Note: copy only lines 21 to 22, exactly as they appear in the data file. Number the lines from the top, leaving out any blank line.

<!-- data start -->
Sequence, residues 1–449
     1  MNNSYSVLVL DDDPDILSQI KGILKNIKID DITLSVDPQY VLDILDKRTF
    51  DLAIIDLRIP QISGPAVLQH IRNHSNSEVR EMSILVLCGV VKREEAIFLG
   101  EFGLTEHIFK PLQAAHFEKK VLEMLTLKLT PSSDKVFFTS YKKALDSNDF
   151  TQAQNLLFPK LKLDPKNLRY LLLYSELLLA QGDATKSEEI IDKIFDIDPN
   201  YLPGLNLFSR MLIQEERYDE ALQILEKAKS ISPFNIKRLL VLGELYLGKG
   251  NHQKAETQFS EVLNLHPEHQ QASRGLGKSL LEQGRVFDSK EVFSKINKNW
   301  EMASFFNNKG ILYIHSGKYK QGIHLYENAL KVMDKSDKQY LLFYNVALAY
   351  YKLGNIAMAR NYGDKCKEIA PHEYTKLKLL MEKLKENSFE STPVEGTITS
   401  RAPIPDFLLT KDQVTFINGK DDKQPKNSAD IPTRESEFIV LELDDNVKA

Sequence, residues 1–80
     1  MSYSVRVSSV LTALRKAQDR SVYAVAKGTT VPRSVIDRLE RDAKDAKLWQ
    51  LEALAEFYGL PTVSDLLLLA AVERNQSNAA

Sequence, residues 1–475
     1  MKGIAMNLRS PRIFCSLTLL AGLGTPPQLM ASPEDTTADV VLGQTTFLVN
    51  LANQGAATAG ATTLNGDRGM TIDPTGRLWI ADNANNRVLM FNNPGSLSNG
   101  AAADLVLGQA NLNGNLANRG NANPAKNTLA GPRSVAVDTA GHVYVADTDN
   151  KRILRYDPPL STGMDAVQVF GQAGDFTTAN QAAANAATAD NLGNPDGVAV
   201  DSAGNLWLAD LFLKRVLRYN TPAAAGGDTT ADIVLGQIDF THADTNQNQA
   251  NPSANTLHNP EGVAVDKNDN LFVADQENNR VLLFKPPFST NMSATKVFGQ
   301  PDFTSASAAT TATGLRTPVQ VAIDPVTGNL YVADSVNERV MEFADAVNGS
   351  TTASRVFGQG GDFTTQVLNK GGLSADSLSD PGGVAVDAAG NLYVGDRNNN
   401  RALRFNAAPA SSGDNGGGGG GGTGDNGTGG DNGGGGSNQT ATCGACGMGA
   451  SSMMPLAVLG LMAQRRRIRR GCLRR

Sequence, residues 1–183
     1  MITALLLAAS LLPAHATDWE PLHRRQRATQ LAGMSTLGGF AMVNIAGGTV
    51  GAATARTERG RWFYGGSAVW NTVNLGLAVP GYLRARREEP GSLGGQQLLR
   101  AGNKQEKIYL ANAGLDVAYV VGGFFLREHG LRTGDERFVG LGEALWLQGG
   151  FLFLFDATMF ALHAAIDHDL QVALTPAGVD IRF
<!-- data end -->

   301  PDFTSASAAT TATGLRTPVQ VAIDPVTGNL YVADSVNERV MEFADAVNGS
   351  TTASRVFGQG GDFTTQVLNK GGLSADSLSD PGGVAVDAAG NLYVGDRNNN